Learning the numbers in English is done fairly early on. Counting up to a hundred is fairly simple even if you haven’t been learning English for a long time. It get’s a little more difficult however when we go higher. Let’s have a recap of the bigger numbers as well as clarifying a few things.
In British English, whenever there is a number after a hundred, we usually join it with and. You will often hear natives shorten this to an n sound.
805 = eight hundred and five
The same is done with thousands and smaller numbers. However and is never put between thousands and hundreds.
1,807 = one thousand, eight hundred and seven
In American English the ‘and’ is often dropped. (e.g “nine hundred ninety nine” not “nine hundred and ninety nine”). This depends on where (and whom) you speak to though.
Simple Number Examples
Here are a few examples showing where the and is in bigger numbers:
When we read decimal points in english (e.g 57.88) we read the number before the decimal point as a regular number. After the decimal point though we read each digit individually.
78.50 = seventy eight point five zero
Here are some examples showing how to read a few more decimal numbers:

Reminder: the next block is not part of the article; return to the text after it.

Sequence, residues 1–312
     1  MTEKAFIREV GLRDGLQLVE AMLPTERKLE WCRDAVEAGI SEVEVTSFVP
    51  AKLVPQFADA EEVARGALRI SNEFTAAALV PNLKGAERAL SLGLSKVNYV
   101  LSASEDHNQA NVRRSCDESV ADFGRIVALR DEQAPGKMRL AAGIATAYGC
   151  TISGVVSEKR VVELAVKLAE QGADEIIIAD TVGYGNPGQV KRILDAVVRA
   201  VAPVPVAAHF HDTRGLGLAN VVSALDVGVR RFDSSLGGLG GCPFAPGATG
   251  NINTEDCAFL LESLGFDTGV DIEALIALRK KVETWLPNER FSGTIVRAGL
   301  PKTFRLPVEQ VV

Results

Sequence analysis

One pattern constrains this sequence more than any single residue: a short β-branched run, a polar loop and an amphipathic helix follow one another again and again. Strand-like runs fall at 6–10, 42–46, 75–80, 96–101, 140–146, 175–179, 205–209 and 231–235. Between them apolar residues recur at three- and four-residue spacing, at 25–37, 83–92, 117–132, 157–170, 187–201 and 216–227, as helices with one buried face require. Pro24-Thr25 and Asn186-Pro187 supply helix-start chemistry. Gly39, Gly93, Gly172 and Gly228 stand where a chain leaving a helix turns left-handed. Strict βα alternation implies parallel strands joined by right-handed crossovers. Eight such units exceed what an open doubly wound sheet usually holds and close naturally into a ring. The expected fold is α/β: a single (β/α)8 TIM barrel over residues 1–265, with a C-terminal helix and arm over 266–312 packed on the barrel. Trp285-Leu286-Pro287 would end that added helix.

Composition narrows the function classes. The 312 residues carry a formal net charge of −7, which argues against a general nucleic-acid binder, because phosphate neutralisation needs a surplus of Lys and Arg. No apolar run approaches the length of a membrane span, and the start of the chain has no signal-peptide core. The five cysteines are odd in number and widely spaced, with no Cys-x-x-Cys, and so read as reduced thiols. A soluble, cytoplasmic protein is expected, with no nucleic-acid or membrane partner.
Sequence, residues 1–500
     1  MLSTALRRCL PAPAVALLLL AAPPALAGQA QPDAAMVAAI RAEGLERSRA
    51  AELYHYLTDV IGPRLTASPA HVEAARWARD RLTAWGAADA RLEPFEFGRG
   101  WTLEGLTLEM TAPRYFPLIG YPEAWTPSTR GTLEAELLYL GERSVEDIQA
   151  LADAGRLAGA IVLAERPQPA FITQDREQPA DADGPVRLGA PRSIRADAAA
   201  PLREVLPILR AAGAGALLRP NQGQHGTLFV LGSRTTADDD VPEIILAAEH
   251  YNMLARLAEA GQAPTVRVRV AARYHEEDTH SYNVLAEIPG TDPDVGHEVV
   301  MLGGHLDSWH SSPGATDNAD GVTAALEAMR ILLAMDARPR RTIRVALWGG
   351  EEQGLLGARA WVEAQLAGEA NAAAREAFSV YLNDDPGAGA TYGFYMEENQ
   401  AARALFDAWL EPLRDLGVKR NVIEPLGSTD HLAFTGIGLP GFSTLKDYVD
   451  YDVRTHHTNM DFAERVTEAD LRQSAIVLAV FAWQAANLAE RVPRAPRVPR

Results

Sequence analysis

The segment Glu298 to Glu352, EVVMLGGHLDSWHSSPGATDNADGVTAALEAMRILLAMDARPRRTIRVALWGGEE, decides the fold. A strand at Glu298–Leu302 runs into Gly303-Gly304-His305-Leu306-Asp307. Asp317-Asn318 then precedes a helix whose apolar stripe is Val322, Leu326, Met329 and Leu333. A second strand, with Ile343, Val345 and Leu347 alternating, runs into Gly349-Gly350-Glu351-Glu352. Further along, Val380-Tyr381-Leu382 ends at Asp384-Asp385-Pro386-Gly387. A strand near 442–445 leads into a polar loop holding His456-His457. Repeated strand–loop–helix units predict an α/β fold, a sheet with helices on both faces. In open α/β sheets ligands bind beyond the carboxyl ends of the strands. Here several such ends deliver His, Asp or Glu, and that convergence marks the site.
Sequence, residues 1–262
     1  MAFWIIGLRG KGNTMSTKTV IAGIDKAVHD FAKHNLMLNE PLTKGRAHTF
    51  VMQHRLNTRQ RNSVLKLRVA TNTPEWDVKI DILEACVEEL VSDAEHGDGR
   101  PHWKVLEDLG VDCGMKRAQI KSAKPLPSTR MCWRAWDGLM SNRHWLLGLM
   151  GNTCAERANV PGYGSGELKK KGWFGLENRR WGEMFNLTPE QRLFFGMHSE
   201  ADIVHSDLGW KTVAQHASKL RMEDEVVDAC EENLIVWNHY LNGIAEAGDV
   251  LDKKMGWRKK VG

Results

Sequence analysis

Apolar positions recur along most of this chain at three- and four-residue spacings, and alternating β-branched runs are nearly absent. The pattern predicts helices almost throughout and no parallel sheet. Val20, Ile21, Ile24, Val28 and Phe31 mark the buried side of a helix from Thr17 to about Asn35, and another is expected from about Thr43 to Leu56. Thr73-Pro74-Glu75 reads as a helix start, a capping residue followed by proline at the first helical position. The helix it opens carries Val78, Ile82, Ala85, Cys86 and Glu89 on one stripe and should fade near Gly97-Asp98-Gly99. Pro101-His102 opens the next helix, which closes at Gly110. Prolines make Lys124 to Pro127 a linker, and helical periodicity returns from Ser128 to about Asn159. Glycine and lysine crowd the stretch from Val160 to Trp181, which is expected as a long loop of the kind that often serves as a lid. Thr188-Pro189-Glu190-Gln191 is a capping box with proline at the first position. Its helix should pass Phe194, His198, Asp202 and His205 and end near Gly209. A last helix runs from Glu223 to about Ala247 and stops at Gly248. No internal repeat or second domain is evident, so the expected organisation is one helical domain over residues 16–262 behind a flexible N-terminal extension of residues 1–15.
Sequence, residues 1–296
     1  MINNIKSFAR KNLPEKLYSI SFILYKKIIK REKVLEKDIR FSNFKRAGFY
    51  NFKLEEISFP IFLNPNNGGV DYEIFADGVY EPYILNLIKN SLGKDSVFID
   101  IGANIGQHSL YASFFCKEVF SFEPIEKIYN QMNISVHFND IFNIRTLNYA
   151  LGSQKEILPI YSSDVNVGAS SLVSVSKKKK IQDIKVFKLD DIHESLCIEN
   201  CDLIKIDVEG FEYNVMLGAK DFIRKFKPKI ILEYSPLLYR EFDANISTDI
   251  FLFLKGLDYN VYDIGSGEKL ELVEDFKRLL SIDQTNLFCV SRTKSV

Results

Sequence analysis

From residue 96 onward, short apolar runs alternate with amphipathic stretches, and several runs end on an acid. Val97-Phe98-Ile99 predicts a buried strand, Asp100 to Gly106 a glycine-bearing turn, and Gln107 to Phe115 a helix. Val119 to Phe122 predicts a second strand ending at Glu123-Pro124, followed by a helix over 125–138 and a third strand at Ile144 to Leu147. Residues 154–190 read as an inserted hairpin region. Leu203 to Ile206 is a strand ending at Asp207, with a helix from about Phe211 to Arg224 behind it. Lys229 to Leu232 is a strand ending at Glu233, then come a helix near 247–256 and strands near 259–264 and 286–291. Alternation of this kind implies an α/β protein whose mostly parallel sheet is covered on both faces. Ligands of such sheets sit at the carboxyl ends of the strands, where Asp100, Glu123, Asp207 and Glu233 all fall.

|number||before decimal point||decimal point||after decimal point|
|20.350||twenty||point||three five zero|
|30.006||thirty||point||zero zero six|
When we read telephone numbers we often read out each digit individually.
07521 891532 = zero seven five two one eight nine one five three two
In British English we can also use the words double (for groups of two), or triple for groups of three). This however isn’t used in American English.
07771 556672 = zero triple seven one double five double six seven two
The names of numbers change slightly when we talk about dates. Instead of one, two, three etc we have the first, second and third. After the third we add ‘th’ to the end of a number, the spelling does however change ever so slightly with some. After we get past the twentieth the pattern repeats (e.g twenty first, twenty second etc).
Also sometimes when written down we will see dates such as ‘5 December’, ‘2 June’, ‘3 August’. When reading these out we will need to add a few extra words (the & of) and change the reading of the number.
5 December = the fifth of December
2 June = the second of June
3 August = the third of August
There are other symbols that you will find around numbers, particularly in maths / statistics.